For those of us who have grown up (and grown old) under the Cold War’s shadow of possible nuclear war, President Obama’s visit to Hiroshima has been particularly moving. As a second grader, I was taught to “duck and cover” — to hide under my school desk to protect myself from a nuclear attack. In 1961, when President Kennedy told us to build fallout shelters, I could only visualize a world devastated by nuclear war. In my last year in high school, I feared that the Cuban Missile Crisis spelled the end of my world. As a Utah transplant, I learned of the terrible price paid by downwinders for our nuclear testing.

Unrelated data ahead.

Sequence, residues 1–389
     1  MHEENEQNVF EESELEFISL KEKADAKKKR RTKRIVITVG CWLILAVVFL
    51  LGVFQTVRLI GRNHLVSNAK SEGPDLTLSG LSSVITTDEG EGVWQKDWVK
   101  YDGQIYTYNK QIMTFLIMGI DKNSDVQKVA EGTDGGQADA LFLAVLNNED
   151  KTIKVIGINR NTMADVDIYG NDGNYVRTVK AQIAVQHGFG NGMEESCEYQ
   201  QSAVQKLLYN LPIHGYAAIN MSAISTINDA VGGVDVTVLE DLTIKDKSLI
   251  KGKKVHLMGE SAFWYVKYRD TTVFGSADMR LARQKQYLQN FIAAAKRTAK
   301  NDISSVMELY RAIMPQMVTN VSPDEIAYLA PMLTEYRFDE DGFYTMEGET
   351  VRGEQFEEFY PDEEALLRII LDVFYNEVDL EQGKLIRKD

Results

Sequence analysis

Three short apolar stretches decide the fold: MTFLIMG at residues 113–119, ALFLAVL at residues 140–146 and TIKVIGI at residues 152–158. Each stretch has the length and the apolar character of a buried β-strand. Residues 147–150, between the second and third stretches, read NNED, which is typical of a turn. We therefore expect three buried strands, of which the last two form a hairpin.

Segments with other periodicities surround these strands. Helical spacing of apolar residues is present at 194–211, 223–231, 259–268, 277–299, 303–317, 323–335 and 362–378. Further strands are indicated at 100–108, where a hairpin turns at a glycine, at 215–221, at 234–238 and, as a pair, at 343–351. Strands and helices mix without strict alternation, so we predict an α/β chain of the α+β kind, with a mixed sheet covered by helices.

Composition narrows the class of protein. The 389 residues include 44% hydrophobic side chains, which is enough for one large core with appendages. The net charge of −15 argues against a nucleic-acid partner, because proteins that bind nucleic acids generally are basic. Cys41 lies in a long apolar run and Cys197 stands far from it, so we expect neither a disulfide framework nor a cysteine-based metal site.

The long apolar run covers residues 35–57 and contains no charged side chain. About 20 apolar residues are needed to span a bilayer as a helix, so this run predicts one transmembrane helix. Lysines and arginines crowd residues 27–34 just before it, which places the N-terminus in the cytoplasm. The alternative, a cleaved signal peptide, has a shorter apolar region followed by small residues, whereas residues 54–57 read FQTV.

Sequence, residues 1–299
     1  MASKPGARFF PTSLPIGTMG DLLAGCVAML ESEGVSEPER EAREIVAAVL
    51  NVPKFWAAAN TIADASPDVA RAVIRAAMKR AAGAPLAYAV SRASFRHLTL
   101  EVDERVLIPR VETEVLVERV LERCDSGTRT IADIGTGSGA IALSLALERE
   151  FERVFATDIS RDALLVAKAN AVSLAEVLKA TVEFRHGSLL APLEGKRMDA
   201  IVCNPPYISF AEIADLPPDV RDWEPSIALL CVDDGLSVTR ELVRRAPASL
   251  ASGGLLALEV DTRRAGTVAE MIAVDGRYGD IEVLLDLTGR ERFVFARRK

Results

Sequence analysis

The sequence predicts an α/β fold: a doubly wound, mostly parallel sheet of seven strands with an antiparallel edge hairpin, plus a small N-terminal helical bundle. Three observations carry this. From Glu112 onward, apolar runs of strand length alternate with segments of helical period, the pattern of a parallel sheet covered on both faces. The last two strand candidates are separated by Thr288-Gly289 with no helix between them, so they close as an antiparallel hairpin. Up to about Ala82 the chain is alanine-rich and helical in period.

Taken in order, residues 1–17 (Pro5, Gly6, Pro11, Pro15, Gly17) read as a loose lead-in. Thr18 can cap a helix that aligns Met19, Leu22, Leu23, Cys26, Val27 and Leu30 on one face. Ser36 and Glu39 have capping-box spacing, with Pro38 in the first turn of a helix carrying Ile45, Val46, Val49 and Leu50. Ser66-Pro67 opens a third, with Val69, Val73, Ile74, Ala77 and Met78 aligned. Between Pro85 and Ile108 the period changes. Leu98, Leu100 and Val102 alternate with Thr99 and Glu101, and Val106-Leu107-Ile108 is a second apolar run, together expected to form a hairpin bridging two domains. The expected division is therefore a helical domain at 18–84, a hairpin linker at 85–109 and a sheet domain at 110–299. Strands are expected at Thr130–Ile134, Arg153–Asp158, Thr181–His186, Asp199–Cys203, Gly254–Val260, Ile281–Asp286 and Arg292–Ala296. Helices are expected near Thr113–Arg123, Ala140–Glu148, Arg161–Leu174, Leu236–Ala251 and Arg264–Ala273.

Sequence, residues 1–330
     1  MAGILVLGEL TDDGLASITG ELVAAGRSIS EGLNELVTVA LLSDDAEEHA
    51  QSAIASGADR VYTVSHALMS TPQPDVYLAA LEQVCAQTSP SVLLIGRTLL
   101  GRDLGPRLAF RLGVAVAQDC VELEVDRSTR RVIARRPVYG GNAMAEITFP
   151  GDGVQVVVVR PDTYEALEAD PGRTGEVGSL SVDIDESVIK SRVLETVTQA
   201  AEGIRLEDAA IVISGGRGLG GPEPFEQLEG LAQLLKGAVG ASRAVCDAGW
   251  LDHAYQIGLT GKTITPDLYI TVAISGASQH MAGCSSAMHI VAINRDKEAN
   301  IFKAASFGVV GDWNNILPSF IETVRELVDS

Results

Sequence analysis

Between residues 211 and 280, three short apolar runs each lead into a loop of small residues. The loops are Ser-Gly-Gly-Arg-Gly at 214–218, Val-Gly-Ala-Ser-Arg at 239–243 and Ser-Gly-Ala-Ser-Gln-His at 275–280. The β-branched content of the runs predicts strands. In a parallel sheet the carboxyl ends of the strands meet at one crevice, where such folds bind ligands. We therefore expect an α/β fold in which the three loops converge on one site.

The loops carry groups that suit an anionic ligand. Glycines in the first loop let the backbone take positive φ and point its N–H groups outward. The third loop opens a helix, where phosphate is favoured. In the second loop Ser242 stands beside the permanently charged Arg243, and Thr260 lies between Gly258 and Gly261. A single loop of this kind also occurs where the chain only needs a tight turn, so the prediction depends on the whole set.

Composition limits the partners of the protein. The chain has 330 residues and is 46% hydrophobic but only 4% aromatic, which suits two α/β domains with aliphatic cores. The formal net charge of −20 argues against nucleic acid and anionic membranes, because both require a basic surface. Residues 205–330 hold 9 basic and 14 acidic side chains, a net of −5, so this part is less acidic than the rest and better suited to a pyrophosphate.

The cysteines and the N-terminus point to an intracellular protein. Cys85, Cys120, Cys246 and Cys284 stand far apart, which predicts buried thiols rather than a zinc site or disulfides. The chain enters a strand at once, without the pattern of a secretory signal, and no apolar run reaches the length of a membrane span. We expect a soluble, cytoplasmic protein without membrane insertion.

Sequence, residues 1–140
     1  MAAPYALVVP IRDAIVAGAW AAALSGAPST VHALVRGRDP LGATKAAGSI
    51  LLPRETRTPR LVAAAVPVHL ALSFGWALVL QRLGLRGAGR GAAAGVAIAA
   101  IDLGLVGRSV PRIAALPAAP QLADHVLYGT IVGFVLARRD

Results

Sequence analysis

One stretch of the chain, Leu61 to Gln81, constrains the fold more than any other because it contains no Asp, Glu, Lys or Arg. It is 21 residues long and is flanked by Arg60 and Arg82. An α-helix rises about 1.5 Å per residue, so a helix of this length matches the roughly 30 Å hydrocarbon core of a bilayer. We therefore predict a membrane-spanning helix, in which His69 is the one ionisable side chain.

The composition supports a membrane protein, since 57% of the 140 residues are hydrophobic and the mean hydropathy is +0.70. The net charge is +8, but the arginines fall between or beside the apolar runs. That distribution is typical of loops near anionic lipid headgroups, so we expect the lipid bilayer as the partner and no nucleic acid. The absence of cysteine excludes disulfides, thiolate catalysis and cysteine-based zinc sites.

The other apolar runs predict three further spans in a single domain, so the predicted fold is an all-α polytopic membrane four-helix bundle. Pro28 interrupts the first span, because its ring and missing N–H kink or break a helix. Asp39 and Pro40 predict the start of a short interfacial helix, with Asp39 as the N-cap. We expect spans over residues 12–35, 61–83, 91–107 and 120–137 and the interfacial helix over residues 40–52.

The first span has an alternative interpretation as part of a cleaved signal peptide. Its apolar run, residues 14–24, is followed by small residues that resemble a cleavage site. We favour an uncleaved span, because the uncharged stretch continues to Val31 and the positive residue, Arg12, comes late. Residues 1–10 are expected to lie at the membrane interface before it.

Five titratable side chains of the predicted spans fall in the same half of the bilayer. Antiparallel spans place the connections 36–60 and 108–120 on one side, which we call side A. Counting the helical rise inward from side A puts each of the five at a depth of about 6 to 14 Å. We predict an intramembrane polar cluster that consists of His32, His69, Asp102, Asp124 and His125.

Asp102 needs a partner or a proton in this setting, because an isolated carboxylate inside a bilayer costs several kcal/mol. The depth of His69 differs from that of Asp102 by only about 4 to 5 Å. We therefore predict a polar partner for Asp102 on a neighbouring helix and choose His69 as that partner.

President Obama’s history-making visit to Hiroshima is tangible testimony about the horrors of war and an eloquent statement of our need to change our mindset about war itself: “To prevent conflicts by diplomacy, and strive to end conflicts after they have begun.”
Thank you, Mr. President. If we have the courage to do as he suggested, to “…reimagine our connection to one another as members of one human race,” perhaps our grandchildren can grow old without the threat of nuclear annihilation hanging over their heads.